A brief discussion of some of our experiences while living and traveling in Michoacán, Mexico.
Sunday, January 31, 2010
Community! What is it? As a sociologist I have talked about community all my adult life having realized that sociology is a long nostalgic essay on the loss of community. If sociology is correct, most of us have never experienced community in the strongest sense of the term. We do see flashes of community in times of disaster or personal tragedies but what must it have been like in a stronger and or more encompassing form? First a word or two about this difficult notion of community. For me it refers to a strong sense of solidarity among a non-family group, a sense of belonging, involvement and emotional connection. The capacity and willingness of people to not necessarily deny their individuality but to be able to make substantial contributions to the common good or the welfare of the group. In most western societies this contribution is made in a very impersonal fashion - we pay our taxes and hope or even demand that government take care of the marginalized, the sick and the poor and even to organize our entertainment. Increasingly we rely on the corporate sector to arrange for public events, pay for what we call democracy and so on. Community would be a much more personal involvement and commitment to these projects.
This is a prelude to my trying to understand our experience of attending a Mexican fiesta on Three Kings Day (Jan. 6). We arrived in the pueblo, a place that is not really very remote now having good highway access, but felt like another world, around 3:00 pm. The town has a different feel to it because of being surrounded by forest and mountains and the more traditional type of housing. Not exactly the traditional trojes but troje-like. The town is an access point to the newest volcano in the world (having emerged in a farmer’s field around 1935 and exploded in the mid-1940s devastating a community), so attracts a number of tourist, many of whom are invited to travel to their destination on horse-back. The church was very attractive in it’s Christmas finery and the yard had a number of nacimientos (manger scenes) around the wall each with one or more doll sized images of baby Jesus. Local dancers were beginning to appear from houses and people were congregating in the large church yard. Before long there were too many dancers to count, a substantial crowd, three kings on horses and a beautiful image of the baby Jesus seated in a chair was brought from the church.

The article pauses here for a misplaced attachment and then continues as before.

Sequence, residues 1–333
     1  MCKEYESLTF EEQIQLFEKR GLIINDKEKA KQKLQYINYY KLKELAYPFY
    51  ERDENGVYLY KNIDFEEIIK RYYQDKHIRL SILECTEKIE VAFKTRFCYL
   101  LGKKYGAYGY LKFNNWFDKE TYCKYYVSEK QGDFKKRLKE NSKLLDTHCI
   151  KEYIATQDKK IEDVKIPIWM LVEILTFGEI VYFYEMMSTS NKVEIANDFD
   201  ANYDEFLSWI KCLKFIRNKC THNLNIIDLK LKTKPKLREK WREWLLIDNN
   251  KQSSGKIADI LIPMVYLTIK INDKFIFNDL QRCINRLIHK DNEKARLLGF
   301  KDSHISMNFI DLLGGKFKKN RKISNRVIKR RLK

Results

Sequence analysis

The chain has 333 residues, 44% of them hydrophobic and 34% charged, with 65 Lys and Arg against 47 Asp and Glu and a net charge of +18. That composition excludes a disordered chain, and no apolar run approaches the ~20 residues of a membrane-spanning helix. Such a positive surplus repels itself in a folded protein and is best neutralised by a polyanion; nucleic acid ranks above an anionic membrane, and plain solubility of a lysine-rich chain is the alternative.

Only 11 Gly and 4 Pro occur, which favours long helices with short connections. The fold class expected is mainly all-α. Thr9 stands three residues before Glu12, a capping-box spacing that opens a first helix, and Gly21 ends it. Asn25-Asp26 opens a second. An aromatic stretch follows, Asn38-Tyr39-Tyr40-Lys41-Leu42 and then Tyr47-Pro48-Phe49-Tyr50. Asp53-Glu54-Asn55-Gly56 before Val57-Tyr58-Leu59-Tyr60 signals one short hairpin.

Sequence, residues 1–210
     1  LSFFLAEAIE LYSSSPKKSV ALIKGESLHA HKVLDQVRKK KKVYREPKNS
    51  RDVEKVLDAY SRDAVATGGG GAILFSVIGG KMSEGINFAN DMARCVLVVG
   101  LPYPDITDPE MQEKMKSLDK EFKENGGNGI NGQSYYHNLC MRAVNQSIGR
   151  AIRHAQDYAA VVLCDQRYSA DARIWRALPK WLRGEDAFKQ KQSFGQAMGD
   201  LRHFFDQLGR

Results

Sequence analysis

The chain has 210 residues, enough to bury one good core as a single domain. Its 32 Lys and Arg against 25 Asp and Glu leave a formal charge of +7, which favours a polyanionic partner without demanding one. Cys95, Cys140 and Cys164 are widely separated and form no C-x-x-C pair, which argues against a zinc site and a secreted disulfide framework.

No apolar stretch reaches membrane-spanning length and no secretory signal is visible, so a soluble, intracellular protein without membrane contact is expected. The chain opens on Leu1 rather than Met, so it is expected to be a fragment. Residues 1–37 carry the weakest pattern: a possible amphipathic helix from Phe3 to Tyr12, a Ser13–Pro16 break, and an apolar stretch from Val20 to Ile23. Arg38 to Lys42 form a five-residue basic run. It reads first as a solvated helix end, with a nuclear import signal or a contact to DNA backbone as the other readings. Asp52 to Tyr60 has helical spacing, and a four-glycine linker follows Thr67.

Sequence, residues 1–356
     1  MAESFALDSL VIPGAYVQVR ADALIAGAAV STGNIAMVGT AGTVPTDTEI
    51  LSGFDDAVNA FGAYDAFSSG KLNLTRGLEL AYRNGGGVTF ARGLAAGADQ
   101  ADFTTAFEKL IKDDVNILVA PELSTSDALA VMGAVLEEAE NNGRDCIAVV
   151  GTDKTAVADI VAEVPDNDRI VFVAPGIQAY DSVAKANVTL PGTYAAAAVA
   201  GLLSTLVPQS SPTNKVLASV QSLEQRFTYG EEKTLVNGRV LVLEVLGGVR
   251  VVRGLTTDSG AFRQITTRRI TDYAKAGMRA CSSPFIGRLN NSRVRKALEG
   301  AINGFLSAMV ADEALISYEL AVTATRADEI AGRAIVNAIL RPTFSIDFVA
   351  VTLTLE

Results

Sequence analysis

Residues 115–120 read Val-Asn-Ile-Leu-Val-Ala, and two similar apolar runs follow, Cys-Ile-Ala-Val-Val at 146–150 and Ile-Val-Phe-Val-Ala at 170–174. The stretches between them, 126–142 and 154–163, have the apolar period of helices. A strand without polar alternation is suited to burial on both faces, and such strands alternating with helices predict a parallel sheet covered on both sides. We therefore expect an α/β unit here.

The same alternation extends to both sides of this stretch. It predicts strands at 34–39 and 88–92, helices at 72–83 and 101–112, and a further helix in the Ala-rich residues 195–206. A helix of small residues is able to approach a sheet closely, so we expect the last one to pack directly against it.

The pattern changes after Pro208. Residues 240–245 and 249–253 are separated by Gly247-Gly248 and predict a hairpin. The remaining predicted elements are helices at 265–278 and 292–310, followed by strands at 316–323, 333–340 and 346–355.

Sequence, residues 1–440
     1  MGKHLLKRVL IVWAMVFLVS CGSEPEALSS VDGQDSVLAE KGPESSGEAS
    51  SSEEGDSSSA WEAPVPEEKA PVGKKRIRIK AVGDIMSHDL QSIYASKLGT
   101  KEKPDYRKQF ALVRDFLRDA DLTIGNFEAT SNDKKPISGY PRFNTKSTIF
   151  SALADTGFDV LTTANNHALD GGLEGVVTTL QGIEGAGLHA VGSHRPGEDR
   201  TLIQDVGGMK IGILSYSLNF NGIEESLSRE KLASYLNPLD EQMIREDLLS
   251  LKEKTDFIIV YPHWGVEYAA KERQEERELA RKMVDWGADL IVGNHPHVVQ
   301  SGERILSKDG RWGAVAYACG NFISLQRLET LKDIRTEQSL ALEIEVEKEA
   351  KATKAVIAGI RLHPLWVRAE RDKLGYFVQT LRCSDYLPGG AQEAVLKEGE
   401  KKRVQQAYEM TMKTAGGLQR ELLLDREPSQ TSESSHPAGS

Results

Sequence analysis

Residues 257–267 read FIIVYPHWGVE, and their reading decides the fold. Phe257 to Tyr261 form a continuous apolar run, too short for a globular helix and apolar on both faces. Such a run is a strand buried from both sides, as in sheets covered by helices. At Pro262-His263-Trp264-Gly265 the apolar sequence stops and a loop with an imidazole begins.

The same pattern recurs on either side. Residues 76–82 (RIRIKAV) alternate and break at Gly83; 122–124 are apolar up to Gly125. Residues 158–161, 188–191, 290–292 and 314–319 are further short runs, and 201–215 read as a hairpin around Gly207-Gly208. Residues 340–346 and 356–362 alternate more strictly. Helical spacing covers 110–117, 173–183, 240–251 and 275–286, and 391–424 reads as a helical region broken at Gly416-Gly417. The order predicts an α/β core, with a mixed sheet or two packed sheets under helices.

The dancers were unlike anything we had seen before but it became clear that they were “kurpites” (fittingly in the local language this means coming together). (However, some carried viejito canes adding to my confusion.) What was distinctive about the dancers clothing was that they had up to 20 aprons tied quite high up on the body and going around the body. This gave the dancers the appearance of being quite fat. These aprons were hand-made with fine needlework probably by mothers, aunts, grandmothers, girl friends. The dancers carried their personal history on their backs. These were the Kurpites dancers and as well one or two wore masks of Mary (Marangillas) and of Jose (Joseph). The dancers wore a scarf just over the nose and a mask covered in beads, tinsel and ribbons, on the top of their heads. Many appeared to have new cowboy boots and all had bells on their ankles. There appeared to be a group of quite young dancers (some 4 or 5 years old) and then a group of older teenagers. After much waiting the procession began with all of the dancers, the horses, an image of the Virgin, the image of baby Jesus and well as all of the Jesus figures from the mangers and a substantial crowd. An incense burner was carried before Jesus and immediately after one or two people throwing confetti on the carriers. The procession proceeded around the community on a very cold night accompanied by the usual cojetes (rocket-like fireworks).